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Rethinking the dependencies badge #12

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theflow opened this Issue Feb 21, 2018 · 6 comments

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@theflow
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theflow commented Feb 21, 2018

Let us know any feedback and ideas about our proposal for a new dependencies badge.

Try the new badge quickly by pasting your gemspec in our preview tool.

@jrochkind

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jrochkind commented Feb 21, 2018

I think you have a good idea, and agree that the implied insistence on all dependencies being the latest at any given time is both unrealistic and counter-productive. There are often quite reasonable and good reasons not have 100% of your dependencies being the very latest release at some points. Yet on the other hand, the general state of dependency up-to-date-ness is a useful signal in
evaluating software. I like that you are trying to find a better way to communicate/summarize this signal, hard to say how will it will succeed without seeing it in practice.

I think it's possible the score idea could be good after all --- I mean, do we really know what "recent" or "behind a little bit" means without clicking through either? We might think we do, just we might or might not for a raw score, but there is editorial judgement involved in the algorithm in both cases. But I'm in favor of trying out anything new! Perhaps both a score and a categorical summary would be useful together, or perhaps something else entirely. I think the conscientious evaluator will probably want to click through in any event to see the details (how many dependencies are a major version behind, and what are they? What are the dates the new major version they don't have was released; yesterday, or two years ago?), so making the click-through page as "legible" as possible for the use case of someone evaluating third-party software (a somewhat different use case than the maintainer(s) themselves) is probably worth spending time on too.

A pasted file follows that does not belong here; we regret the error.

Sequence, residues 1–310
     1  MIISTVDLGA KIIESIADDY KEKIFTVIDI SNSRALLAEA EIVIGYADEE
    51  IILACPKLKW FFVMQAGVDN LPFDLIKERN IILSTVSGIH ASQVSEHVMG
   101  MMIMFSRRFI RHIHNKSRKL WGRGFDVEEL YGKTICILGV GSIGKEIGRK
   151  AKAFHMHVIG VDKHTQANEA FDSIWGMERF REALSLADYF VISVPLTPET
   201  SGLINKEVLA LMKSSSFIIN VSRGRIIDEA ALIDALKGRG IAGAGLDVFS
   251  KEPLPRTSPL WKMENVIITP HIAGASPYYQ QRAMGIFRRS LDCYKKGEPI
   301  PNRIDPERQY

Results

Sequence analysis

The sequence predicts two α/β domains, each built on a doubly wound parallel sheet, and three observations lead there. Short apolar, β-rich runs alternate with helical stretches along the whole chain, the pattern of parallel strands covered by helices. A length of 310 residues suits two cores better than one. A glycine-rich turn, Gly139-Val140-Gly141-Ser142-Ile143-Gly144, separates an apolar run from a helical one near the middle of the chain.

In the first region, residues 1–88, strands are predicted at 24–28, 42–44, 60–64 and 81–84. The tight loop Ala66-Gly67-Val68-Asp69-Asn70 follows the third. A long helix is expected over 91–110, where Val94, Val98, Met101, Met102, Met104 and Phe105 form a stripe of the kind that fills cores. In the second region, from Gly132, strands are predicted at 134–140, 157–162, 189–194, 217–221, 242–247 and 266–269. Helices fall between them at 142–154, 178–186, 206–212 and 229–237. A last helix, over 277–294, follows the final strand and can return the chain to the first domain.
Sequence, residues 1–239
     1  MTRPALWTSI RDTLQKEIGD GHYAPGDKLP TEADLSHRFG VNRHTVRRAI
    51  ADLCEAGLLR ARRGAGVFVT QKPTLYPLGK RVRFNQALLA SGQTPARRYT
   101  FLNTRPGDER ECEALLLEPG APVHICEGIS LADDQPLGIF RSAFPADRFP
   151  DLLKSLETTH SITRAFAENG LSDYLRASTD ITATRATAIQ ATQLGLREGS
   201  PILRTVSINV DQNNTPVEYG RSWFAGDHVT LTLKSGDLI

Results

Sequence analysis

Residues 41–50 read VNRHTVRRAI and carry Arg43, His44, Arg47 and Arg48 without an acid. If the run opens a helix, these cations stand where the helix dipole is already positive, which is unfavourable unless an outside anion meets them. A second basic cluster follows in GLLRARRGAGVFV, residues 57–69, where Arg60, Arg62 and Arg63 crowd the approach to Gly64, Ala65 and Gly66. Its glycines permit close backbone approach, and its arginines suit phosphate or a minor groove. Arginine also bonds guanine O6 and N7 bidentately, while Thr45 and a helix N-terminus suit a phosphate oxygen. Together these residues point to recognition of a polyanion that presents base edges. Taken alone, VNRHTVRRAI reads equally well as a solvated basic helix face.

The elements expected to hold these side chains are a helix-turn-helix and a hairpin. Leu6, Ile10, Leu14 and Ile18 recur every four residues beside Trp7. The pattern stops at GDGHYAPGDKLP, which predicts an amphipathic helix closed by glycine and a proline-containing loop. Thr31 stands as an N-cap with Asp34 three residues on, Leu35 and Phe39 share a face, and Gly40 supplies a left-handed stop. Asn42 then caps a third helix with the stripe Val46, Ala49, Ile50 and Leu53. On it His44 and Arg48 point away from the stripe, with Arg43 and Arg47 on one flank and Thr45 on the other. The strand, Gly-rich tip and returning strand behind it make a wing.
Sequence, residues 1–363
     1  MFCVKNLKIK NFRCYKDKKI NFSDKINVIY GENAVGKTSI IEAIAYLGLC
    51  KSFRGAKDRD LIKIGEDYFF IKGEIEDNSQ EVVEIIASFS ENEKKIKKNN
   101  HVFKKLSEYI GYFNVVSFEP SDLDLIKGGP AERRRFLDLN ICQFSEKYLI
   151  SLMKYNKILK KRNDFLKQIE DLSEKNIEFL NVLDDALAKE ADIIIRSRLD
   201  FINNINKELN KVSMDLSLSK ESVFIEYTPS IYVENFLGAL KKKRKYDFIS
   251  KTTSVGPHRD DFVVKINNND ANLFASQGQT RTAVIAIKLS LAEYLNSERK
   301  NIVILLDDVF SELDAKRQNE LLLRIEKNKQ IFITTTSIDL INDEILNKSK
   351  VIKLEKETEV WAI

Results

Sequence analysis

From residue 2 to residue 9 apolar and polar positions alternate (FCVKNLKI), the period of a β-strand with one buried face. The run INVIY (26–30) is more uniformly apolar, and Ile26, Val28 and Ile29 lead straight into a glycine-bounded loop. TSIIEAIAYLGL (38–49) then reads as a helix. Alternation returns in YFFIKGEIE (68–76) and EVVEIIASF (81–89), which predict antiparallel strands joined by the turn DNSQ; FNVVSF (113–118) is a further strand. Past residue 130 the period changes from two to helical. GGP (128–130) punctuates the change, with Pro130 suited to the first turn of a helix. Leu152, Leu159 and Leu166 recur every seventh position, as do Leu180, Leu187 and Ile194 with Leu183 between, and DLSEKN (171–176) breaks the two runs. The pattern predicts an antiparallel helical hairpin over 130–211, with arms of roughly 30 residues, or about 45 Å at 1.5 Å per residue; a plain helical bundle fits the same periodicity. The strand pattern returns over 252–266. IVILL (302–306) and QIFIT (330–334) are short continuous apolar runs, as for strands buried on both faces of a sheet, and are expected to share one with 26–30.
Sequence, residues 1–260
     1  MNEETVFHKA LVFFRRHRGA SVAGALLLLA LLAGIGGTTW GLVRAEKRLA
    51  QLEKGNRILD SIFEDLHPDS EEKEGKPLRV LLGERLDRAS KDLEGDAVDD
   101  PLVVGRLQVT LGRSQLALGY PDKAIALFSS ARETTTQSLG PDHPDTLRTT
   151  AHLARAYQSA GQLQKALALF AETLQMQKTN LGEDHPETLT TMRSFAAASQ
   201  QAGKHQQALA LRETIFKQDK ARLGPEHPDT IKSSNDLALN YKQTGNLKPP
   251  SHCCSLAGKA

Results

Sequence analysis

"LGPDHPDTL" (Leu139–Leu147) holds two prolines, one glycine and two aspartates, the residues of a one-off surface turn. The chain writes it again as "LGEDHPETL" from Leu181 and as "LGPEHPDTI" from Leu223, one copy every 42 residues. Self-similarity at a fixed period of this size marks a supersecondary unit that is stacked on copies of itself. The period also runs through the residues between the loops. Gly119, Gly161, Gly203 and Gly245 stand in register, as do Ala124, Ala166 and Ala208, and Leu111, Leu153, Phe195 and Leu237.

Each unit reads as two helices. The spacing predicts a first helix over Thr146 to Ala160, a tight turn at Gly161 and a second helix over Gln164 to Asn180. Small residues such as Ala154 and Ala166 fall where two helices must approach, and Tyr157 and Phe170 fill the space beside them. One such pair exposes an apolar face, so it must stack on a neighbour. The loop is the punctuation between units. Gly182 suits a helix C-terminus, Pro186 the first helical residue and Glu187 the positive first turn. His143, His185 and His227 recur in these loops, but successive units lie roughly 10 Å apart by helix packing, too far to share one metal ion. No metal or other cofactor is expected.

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theflow commented Feb 21, 2018

@jrochkind thanks for the input!

I'm also curious about pursuing the score, but I was thinking it would lead towards somehow scoring the health of the library itself: is it well maintained, how many releases, open bugs, along those lines.

@bquorning

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bquorning commented Feb 22, 2018

I looked at https://github.com/jaredbeck/libyear-bundler recently – it will tell you “how out-of-date your Gemfile is, in a single number”. A number like that (perhaps divided with the total number of gems in the application being checked) might be useful in your dependency badge.

Just ensure it works with private gem servers too, which I think libyear-bundler doesn’t. 😉

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theflow commented Mar 1, 2018

Thanks @bquorning, I didn't know about libyear, that's a very interesting approach.

@thisismydesign

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thisismydesign commented May 7, 2018

I like the idea.

I find the number of dependencies to be often as important as their state, especially in case of small projects. Having little to no runtime dependencies is a huge plus. I saw that you have a "count of outdated dependencies". That's a great start. I was wondering how the color coding works there? I assume it's the same (as recent, stale, etc.) but in that case I find it a bit misleading: e.g. you could have a green badge saying 10/10 outdated. For me what would add the most value is a badge that states the number of dependencies and their overall state, so somewhat a mixture of the two (i.e. I'm not interested in how many dependencies are slightly outdated). Something like: dependencies | 3, stale would be awesome. Or a simple badge with the number of runtime dependencies would also do, which can be used together with the summary one.

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thisismydesign commented May 7, 2018

Additionally it would be great to have badges per branch. I.e. development and release branches might differ a lot.

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